According to the International Energy Agency, an oil supply deficit from the Opec+ group of nations might lead to a tighter market and higher prices.
The Paris-based agency said in its monthly market report on Friday that the 23-member bloc’s chronic underperformance had essentially pulled 300 million barrels, or 800,000 barrels per day, off the market since the start of 2021.
“That shortage is projected to grow as certain Opec+ members battle with production limits, compounding market pressure,” the research stated.
Oil prices have risen in response to a faster-than-expected economic recovery, which has resulted in stronger demand and the difficulty of some Opec member nations to swiftly ramp up output due to industrial underinvestment. Rising geopolitical concerns around Ukraine have also pushed up costs.
At 2.30pm UAE time on Friday, Brent, the worldwide benchmark for two-thirds of the world’s oil, was trading at $91.79 per barrel, while West Texas Intermediate, the gauge that measures US crude, was at $90.38 per barrel.
According to the research, spare capacity is virtually exclusively owned by two manufacturers, Saudi Arabia and the United Arab Emirates.
“If the continuing gap between Opec+ output and its goal levels persists, supply tensions will develop, raising the risk of additional volatility and upward pressure on prices,” according to the research. These risks, “which have broad economic repercussions,” may be mitigated if producers in the Middle East with excess capacity compensated for those who were running short.
The IEA’s forecasts come as investment in the oil and gas sector falls due to governments’ green transition efforts. Total investment in the oil and gas upstream industry plummeted 23% below pre-coronavirus levels in 2021, to $341 billion, according to a new analysis released in December by the International Energy Forum and IHS Markit.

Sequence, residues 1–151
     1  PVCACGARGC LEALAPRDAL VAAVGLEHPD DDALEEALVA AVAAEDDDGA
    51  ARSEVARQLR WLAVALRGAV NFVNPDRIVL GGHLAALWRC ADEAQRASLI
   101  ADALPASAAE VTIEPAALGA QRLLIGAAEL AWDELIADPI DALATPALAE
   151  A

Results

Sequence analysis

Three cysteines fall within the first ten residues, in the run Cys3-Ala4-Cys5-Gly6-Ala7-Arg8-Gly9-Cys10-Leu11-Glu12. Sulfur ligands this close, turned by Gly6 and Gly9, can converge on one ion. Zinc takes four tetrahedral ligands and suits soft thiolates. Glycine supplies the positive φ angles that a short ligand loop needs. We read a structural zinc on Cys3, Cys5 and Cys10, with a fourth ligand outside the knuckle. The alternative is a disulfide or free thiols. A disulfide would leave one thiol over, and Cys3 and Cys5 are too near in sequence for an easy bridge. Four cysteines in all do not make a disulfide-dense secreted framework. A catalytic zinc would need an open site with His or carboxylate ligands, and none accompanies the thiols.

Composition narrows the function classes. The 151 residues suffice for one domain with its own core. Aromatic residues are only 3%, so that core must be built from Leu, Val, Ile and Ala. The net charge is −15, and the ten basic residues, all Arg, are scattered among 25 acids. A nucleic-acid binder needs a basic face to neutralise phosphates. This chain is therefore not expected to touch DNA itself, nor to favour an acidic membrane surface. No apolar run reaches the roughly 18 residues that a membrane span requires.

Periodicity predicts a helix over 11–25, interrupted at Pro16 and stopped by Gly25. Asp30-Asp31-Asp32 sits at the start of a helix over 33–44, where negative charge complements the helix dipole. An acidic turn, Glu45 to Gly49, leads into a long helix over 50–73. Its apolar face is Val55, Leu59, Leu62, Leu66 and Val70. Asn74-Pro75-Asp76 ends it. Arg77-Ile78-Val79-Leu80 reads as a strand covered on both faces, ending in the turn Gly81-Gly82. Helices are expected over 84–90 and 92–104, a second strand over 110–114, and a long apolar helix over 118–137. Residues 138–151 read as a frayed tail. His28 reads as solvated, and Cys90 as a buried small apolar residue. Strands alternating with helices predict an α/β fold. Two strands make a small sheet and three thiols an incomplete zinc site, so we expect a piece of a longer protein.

Dr Sultan Al Jaber, UAE Minister of Industry and Advanced Technology and managing director and group chief executive of Adnoc, told the Abu Dhabi International Petroleum Exhibition and Conference last year that the global oil and gas industry requires more than $600 billion in investment annually until 2030 to keep up with rising demand.
Despite increased demand and Opec+’s repeated inability to fulfill its objectives, the market is still expected to turn to surplus in 2022, according to the IEA. “If Opec+ curbs are fully reversed, non-Opec+ producers may add 2 million bpd oil supply, and the bloc could raise output by 4.3 million bpd.”
The Opec+ group, which achieved a historic decrease of 9.7 million barrels per day between May 2020 and July of last year, is undoing cutbacks as demand improves. Every month, the group adds 400,000 barrels per day to the market.
Due to underinvestment in the oil and gas sector, JP Morgan, the largest lender in the US, believes Brent will “overshoot” to $125 per barrel this year and $150 in 2023.
According to the IEA, global oil consumption is expected to rise by 3.2 million barrels per day this year, reaching 100.6 million barrels per day as limitations imposed to control the spread of Covid ease.